There’s a pervasive myth out there that corporate stock buybacks are a sign of corporate self-indulgence, leaving workers hung out to dry and weakening the American economy.
Economic reality is the exact opposite.
When a company repurchases its stock, corporate executives are often humblingly admitting that their business isn’t as profitable as it once was.
They are also helping move unproductive investments into more productive, job-sustaining endeavors, which ultimately strengthens the U.S. economy.
When businesses have unused profits, they can give part of them back to their investors by repurchasing their stocks at market value—just like you or I could—or by paying out a dividend.
That allows investors to reinvest the unused profits in other, more profitable enterprises.
Harley-Davidson’s announced plant closing and simultaneous $15 million in stock buybacks is a popular example of the supposed evils of corporate greed.
By transferring the millions back to shareholders through repurchases, those investors are now able to redirect that money to other investments that have a more promising future. Harley-Davidson’s sales have been declining for years.
Those new investments will also need workers to build, design, and manufacture whatever the future demands.
If instead, Harley-Davidson poured more money into a U.S. market that did not want to buy its bikes, the investment would still not sustain long-term jobs. Rather, it would just prolong the company’s decline, and ultimately, everyone—including the employees—would be worse off.
Sens. Charles Schumer, D-N.Y., and Bernie Sanders, I-Vt., would require businesses to raise wages and offer more generous benefits before they could repurchase their own shares.
Recently, Sen. Marco Rubio, R-Fla., voiced a similar concern, that stock buybacks might be hurting workers. He proposes raising the capital gains tax rate on repurchased shares to discourage the practice.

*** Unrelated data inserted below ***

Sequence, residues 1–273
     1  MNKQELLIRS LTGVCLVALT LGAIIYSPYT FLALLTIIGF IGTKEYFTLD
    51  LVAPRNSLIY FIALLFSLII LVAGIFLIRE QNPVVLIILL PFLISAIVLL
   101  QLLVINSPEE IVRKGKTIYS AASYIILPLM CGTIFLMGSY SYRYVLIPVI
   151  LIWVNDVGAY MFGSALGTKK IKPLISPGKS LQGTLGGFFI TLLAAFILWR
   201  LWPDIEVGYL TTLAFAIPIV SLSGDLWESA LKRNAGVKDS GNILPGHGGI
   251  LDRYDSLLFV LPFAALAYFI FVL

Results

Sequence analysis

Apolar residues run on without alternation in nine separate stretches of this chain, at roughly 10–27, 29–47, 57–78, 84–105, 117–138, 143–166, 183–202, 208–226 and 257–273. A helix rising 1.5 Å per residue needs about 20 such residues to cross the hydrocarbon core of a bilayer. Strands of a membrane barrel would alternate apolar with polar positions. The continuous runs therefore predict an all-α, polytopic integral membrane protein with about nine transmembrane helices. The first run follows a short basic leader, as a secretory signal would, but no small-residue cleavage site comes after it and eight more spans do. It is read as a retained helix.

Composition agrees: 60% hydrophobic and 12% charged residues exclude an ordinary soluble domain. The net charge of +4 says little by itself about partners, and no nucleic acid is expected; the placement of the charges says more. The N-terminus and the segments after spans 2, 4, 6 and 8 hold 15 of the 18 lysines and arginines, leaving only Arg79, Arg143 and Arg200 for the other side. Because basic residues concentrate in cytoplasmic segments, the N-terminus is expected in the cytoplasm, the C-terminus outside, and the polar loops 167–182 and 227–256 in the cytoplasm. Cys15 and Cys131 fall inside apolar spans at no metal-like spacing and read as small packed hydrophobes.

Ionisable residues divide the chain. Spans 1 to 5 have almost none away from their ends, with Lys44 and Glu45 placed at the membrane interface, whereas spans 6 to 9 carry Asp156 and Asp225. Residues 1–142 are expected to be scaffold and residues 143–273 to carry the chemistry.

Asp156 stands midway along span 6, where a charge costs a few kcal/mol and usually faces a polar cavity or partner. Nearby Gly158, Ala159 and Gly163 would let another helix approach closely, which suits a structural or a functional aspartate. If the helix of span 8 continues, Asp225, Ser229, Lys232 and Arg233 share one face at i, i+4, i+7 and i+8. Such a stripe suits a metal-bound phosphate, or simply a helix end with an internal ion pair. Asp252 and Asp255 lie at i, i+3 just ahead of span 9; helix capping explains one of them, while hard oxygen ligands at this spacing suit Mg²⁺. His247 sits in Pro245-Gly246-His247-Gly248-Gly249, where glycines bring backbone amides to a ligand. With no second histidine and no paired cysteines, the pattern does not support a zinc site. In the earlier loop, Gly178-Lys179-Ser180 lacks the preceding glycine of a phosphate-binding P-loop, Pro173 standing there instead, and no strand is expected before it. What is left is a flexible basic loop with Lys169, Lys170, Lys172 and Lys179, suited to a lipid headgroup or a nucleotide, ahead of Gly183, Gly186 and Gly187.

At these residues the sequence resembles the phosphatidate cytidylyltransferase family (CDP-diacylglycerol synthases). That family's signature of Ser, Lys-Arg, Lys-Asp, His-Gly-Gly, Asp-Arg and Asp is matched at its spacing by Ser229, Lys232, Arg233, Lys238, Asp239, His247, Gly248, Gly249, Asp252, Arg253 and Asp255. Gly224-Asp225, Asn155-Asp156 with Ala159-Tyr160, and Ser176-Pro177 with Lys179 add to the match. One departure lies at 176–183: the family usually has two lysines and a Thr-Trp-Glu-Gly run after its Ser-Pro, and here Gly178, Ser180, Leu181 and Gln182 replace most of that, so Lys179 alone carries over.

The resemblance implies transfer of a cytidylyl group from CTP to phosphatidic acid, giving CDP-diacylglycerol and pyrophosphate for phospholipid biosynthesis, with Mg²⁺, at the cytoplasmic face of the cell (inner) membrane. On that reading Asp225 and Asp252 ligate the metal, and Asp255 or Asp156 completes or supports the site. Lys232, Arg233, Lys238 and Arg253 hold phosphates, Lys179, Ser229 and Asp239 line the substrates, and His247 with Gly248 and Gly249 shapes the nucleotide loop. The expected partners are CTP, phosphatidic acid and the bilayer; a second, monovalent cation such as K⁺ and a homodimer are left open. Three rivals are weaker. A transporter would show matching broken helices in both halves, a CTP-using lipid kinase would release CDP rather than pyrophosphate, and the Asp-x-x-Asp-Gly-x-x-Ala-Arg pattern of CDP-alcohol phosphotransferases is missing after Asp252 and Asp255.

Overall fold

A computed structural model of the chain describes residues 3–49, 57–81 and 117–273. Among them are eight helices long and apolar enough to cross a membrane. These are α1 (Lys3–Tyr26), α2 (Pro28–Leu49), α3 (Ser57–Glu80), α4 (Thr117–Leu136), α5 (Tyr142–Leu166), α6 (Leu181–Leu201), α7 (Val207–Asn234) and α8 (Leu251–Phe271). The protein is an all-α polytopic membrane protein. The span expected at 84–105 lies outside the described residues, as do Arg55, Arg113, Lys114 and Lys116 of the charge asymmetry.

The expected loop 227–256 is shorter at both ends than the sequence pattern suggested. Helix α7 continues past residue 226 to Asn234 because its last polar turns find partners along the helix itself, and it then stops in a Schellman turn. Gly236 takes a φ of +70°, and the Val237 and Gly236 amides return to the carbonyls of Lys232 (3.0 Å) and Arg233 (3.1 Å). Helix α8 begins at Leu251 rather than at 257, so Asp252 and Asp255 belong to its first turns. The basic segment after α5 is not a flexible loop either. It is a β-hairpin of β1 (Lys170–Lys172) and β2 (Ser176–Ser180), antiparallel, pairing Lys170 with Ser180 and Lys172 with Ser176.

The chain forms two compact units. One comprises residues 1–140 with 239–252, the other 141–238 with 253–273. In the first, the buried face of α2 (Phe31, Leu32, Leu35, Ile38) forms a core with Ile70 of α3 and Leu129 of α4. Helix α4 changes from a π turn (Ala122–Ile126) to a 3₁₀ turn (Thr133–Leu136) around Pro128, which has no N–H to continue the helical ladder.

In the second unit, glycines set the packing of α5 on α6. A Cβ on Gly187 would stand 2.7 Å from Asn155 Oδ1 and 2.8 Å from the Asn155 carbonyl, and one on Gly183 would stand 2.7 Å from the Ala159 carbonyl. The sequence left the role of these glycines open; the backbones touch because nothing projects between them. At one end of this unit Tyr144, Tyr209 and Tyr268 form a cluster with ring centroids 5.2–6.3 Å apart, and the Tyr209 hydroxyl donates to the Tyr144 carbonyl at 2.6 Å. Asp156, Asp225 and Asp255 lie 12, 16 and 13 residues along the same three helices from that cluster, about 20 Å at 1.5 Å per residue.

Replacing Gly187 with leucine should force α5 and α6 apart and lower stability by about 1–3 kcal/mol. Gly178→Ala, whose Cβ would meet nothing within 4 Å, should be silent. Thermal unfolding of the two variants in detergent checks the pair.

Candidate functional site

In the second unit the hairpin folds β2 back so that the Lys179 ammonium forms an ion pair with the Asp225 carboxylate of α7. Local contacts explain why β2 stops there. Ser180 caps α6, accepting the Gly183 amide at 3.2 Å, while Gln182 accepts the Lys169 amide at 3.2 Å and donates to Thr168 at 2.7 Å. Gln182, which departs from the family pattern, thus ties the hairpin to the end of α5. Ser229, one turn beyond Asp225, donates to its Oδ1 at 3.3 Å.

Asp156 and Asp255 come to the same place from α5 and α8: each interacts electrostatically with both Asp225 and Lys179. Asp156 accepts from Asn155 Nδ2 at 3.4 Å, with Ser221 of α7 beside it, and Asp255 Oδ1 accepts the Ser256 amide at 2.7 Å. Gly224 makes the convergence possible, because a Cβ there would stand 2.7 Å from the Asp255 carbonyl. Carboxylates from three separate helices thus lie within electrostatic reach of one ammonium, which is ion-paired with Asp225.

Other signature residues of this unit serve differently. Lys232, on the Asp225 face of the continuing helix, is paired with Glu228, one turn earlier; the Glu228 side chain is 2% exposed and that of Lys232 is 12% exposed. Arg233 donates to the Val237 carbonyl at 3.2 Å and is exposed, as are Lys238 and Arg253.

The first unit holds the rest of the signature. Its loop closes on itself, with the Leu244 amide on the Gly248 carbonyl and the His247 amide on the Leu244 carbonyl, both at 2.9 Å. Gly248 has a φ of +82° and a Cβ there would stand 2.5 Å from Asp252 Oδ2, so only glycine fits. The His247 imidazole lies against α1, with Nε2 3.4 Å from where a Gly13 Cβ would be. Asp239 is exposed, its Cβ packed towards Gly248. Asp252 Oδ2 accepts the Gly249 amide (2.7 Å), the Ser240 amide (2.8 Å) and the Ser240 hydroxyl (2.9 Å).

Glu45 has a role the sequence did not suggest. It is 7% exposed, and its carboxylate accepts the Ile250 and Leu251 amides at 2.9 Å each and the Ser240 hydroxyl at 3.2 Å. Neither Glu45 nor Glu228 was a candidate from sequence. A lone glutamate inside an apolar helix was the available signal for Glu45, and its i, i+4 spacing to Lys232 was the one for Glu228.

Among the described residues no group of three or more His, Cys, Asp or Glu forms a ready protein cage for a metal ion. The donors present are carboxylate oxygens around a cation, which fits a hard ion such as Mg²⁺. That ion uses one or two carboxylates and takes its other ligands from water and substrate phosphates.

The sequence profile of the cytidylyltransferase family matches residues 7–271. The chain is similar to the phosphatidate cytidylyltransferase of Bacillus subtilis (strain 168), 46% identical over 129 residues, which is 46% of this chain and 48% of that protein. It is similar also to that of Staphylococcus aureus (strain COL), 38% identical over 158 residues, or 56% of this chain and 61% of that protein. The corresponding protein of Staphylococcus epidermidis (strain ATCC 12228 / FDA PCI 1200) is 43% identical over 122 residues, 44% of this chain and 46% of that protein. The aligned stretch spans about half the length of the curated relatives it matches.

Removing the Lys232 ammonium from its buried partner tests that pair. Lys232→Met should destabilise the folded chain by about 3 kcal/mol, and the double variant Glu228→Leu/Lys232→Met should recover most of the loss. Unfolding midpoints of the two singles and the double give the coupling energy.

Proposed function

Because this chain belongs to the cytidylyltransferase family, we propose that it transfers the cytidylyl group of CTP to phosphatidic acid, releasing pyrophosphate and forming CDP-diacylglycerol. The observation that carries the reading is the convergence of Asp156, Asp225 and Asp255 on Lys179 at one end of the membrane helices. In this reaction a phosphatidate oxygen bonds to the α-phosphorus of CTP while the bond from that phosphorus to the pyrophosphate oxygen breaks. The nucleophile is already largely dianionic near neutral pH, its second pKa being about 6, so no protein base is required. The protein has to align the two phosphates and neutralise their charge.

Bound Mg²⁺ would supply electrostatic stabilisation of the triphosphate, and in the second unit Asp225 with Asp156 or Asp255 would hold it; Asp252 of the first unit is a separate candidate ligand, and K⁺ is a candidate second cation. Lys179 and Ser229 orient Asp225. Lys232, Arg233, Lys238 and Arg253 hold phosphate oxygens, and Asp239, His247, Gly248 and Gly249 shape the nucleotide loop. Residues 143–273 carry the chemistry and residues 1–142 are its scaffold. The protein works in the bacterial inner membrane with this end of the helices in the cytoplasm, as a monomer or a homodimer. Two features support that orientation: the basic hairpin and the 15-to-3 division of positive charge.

Both of these policies would similarly make American workers worse off by trapping profits in struggling firms.
Unlike the Schumer-Sanders proposal, however, Rubio seems to indicate he’d like to use any revenue gained from the new higher investor taxes for something called “full expensing”; that is, the ability to deduct investments when they are made. On that score, the Florida Republican should be commended.
In addition to the tax cuts themselves, the 2017 Tax Cuts and Jobs Act adjusted business investment rules that are equally important for American workers’ gaining higher wages and more job availability.
The U.S. tax code generally forces years of waiting between when businesses pay for an investment and when they can deduct the full cost on their taxes. This raises the cost of investments and shrinks incomes.
The tax cuts temporarily fixed this problem for some investments through “expensing,” allowing businesses to write off—or depreciate—new investments immediately.
Rubio correctly notes that “long-life assets like structures did not receive enhanced depreciation treatment at all.” That was a major oversight.
Buildings, such as new manufacturing floor space and storefronts, still have to use the costly and complicated old system.
The budgetary cost of expanding expensing to all investments is high in the first few years of the reform because of transition costs, but the economic benefits of the new system are well worth the short-term budget impact.
Rubio should be commended for championing expensing as the best way to support American businesses as they continue to add new jobs and raise wages in the U.S. at rates not seen since before the Great Recession of a decade ago.
The proposal to tax stock buybacks—if it has the intended effect of stopping the activity—will likely not raise any revenue, let alone enough to fund permanent full expensing.
Expensing should not be tied to raising business or investor taxes elsewhere. Such a policy would undermine the success of expensing.
Good policy should not come at the expense of perpetuating false claims about share repurchases.